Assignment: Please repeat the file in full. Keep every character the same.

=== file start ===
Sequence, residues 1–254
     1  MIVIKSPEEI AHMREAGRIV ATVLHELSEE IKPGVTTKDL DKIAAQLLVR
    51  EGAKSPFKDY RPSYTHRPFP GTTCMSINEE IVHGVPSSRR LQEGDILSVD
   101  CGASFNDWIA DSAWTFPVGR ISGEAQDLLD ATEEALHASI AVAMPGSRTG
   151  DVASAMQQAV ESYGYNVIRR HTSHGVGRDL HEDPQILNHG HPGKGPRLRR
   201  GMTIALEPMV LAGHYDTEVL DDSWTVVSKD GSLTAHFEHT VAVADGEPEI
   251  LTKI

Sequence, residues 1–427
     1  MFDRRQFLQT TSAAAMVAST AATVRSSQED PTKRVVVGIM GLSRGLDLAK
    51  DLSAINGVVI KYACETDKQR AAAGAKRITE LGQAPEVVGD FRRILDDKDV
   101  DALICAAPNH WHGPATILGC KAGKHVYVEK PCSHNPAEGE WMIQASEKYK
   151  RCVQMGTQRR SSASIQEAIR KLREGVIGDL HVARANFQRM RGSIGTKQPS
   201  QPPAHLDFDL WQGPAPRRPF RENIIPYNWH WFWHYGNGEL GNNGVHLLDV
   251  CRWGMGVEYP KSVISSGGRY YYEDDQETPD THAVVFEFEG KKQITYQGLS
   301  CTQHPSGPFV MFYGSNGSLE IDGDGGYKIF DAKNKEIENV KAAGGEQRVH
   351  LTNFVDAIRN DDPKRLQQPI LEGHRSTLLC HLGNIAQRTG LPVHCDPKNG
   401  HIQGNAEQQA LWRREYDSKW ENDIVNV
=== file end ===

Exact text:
Sequence, residues 1–254
     1  MIVIKSPEEI AHMREAGRIV ATVLHELSEE IKPGVTTKDL DKIAAQLLVR
    51  EGAKSPFKDY RPSYTHRPFP GTTCMSINEE IVHGVPSSRR LQEGDILSVD
   101  CGASFNDWIA DSAWTFPVGR ISGEAQDLLD ATEEALHASI AVAMPGSRTG
   151  DVASAMQQAV ESYGYNVIRR HTSHGVGRDL HEDPQILNHG HPGKGPRLRR
   201  GMTIALEPMV LAGHYDTEVL DDSWTVVSKD GSLTAHFEHT VAVADGEPEI
   251  LTKI

Sequence, residues 1–427
     1  MFDRRQFLQT TSAAAMVAST AATVRSSQED PTKRVVVGIM GLSRGLDLAK
    51  DLSAINGVVI KYACETDKQR AAAGAKRITE LGQAPEVVGD FRRILDDKDV
   101  DALICAAPNH WHGPATILGC KAGKHVYVEK PCSHNPAEGE WMIQASEKYK
   151  RCVQMGTQRR SSASIQEAIR KLREGVIGDL HVARANFQRM RGSIGTKQPS
   201  QPPAHLDFDL WQGPAPRRPF RENIIPYNWH WFWHYGNGEL GNNGVHLLDV
   251  CRWGMGVEYP KSVISSGGRY YYEDDQETPD THAVVFEFEG KKQITYQGLS
   301  CTQHPSGPFV MFYGSNGSLE IDGDGGYKIF DAKNKEIENV KAAGGEQRVH
   351  LTNFVDAIRN DDPKRLQQPI LEGHRSTLLC HLGNIAQRTG LPVHCDPKNG
   401  HIQGNAEQQA LWRREYDSKW ENDIVNV